FIG. 6 illustrates the pan 10 with a baking paper liner 34 therein. This liner is in the form of a rectangular sheet of baking paper folded to present a bottom panel covering the apertures 26, with upstanding side marginal panels respectively covering the apertures 28 provided through the sidewalls 18, 20. It will be understood in this respect that the liner34 is placed within the pan 10 prior to depositing dough or the like withinthe pan, in order to prevent escape of this material through the apertures 26, 28.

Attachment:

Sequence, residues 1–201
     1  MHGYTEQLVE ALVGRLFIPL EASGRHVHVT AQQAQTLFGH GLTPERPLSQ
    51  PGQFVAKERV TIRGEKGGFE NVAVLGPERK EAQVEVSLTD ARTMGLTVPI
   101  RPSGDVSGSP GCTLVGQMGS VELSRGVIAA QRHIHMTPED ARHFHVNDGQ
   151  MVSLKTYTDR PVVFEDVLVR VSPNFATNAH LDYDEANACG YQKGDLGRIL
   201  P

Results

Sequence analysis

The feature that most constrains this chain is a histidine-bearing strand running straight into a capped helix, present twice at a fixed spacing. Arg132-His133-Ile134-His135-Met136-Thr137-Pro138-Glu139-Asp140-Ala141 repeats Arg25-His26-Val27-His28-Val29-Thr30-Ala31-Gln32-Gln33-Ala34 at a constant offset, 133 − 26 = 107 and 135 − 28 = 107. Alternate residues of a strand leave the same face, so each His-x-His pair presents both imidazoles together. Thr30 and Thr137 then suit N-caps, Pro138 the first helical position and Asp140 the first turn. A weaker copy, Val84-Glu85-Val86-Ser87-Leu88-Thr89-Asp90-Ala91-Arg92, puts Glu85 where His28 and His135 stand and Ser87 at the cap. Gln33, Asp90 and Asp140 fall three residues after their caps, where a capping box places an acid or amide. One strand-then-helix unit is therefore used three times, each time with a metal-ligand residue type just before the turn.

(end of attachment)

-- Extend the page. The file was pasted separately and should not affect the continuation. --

In baking operations, an appropriate quantity of dough or batter is placed within the cavity 16 of pan 10, and in contact with liner 34. After proofing of the dough, the filled pan is then placed within a combination oven 36 (see FIG. 1). The oven 36 is itself conventional, and includes a baking chamber 38 adapted to receive the filled pan 10, and to be closed by door 40. The oven 36 includes conventional heating means such as electrical resistance coil(s) 42 operable to heat the chamber 38 in the usual fashion. In addition, the oven 36 includes one or more microwave or rf energy sources 44 adapted for supplying microwave energy to the baking chamber 38. Those skilled in the art will appreciate that the coils 42 andenergy sources 44 are likewise well known and conventional.